Castro’s revolution inadvertently created a second Cuban society. When the Communist leader overthrew Batista in 1959, many Cubans fled to Miami.
More joined them over the years of El Commandante’s regime to make Little Havana a prominent representation of Cuba’s exile community, and there was an influx again in 1980 of 100,000 Cubans into Miami during the Mariel Boatlift.
Due to the years of struggle they faced as they set up a new home, Cubans who escaped Cuba are often vocally critical of the regime they left behind. But they also cherish their Cuban identity, making Little Havana a bright and vibrant enclave of Cuban life.
Though geographically close to Cuba, in terms of ideology Little Havana could not be more different to its counterpart in Cuba. This is a melting pot of Latin American culture in which 98% of Miami’s large Hispanic community live.
Today in Little Havana Cuban culture is beautifully preserved, to the extent that the neighborhood was recently added to the National Trust for Historic Preservation’s list of national treasures. In Little Havana there are cigar shops where you can see Cuban cigars being rolled, ventanitos (window shops that serve the small cafecitos) and the Cuban Memorial Boulevard which pays homage to Cuban soldiers who fought in the 1981 Bay of Pigs Invasion and the War of Independence. However the National Trust for Historic Preservation also flagged that Cuban culture in Little Havana is endangered.
This is mainly to do with preserving spoken Spanish in the area – while you can still order from the McDonalds there in Spanish, the number of Spanish radio stations which broadcast to the barrio are declining and there’s a fight to maintain Cuban ways of life amidst America’s very different ideology.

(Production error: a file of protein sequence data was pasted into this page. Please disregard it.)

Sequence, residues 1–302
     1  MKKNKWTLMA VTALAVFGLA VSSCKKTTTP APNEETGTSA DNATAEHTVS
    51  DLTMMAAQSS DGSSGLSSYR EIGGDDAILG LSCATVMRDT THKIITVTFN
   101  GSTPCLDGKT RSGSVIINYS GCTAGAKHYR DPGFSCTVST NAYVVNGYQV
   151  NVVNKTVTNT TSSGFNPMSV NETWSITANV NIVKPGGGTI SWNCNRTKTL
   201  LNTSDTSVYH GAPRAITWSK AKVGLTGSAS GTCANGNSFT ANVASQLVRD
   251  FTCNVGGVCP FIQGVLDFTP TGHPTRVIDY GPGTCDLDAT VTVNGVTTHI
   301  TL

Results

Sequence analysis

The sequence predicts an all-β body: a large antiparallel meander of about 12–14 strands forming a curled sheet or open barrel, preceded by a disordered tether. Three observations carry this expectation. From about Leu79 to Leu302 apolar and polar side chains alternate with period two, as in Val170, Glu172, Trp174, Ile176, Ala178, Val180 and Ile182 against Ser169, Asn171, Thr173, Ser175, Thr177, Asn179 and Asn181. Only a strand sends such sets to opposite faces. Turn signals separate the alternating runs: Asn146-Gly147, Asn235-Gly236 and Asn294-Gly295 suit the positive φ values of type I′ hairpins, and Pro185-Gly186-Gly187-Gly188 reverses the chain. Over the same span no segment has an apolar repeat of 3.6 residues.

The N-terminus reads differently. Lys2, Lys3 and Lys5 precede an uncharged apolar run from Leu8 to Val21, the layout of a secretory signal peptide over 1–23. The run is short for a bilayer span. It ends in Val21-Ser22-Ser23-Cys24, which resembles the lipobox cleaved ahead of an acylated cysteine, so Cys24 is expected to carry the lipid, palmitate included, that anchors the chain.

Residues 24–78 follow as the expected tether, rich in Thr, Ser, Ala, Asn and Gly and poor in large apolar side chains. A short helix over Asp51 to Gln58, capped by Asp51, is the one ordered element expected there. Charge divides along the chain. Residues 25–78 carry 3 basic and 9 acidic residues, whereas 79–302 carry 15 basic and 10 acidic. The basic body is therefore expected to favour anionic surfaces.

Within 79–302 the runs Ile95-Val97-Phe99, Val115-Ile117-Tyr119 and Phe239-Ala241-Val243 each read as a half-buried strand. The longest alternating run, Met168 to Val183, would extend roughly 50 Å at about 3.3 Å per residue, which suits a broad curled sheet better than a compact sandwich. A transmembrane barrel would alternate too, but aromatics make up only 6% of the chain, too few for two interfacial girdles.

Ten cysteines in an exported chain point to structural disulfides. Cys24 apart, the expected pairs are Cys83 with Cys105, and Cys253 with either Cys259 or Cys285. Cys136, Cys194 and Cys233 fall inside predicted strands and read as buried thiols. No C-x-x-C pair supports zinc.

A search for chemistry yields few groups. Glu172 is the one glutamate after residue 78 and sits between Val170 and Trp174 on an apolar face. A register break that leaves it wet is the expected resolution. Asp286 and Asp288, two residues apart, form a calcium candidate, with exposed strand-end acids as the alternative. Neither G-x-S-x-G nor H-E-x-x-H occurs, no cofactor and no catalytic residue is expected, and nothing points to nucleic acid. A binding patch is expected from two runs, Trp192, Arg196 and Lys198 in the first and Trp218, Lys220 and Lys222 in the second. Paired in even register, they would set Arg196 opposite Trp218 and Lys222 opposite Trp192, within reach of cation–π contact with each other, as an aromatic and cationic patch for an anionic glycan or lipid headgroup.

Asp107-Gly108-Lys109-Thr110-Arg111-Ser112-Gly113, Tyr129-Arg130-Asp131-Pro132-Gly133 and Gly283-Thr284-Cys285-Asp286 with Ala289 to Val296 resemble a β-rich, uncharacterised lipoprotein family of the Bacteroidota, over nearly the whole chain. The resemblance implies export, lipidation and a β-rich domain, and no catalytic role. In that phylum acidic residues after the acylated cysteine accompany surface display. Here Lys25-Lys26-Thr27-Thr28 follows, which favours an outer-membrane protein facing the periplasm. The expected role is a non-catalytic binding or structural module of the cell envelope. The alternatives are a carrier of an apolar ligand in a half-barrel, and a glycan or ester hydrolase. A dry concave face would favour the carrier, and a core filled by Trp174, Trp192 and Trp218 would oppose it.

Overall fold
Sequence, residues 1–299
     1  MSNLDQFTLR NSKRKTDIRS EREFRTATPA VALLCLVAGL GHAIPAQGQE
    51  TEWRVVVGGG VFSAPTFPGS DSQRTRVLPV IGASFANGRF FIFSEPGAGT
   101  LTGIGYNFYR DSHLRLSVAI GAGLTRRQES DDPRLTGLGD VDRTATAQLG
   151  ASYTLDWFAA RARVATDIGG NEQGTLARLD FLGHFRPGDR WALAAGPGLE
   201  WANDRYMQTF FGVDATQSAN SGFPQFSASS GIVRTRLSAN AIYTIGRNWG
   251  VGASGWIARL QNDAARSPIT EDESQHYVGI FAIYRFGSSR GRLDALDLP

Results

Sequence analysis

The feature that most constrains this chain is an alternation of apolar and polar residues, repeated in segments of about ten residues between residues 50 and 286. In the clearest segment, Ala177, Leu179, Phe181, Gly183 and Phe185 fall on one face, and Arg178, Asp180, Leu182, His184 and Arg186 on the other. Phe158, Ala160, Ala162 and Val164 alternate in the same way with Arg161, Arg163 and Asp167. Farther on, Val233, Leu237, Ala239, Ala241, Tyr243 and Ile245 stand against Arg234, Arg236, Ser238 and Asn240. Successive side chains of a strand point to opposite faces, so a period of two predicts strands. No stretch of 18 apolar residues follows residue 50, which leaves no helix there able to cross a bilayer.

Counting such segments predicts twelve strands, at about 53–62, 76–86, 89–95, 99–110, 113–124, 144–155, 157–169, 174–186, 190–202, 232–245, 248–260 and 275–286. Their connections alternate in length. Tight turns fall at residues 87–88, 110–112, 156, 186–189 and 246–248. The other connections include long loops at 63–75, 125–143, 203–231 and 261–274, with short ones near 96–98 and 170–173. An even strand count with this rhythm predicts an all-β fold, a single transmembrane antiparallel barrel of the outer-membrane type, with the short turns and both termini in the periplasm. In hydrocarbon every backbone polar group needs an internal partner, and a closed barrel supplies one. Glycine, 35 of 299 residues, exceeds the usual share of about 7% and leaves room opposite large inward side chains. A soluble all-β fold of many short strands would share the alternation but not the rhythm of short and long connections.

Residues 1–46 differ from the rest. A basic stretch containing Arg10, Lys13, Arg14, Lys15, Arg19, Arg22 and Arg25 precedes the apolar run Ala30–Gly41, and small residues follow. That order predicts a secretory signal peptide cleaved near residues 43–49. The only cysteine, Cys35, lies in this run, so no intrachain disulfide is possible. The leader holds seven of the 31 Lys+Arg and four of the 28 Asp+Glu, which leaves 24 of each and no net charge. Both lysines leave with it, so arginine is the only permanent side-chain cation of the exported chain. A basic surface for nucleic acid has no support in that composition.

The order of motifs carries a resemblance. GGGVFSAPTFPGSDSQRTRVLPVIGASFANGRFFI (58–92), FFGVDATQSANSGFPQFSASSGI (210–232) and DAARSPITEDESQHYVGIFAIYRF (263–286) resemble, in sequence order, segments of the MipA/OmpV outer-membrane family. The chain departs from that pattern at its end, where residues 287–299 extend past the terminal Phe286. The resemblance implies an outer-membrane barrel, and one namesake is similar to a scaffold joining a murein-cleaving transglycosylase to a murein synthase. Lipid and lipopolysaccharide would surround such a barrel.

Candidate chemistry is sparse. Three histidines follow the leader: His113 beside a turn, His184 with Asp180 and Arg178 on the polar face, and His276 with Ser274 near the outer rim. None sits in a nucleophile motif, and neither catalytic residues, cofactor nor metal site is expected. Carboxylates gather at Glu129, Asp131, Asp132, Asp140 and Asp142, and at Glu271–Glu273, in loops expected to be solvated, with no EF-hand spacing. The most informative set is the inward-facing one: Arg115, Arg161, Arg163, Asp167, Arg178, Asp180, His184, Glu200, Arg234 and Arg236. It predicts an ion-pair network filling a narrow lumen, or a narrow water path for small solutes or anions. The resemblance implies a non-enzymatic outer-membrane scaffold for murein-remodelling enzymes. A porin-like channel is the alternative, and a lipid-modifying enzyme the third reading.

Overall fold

Strolling through the streets of Little Havana you can see the telltale Cuban street art, as well as men playing dominoes and eateries which offer culinary favorites like Cuban sandwiches and Ropa Vieja. As you would expect from an expedition down any Havana street – the Calle Ocho in Miami is alive with the sounds of Cuban music. Viernes Culturales is an social arts and culture fair that takes place on the last Friday of each month in the heart of Calle Ocho by eighth Street South West between 14th and 17th Avenues.
Walking through the plazas and sidewalks you can browse art exhibits or pop into galleries which are participating, sometimes showing films or displaying installations. There’s also a program of educational activities at the historic Tower Theater and free walking tours led by Miami historian Doctor Paul George. If you want to see the intensity for which dominoes is famous, head to Domino Park to watch heated debates take place while the stones are slammed down.
If you want help planning a trip around then it’s best to start at the Little Havana visitor center where they can give you maps and tell you what’s on.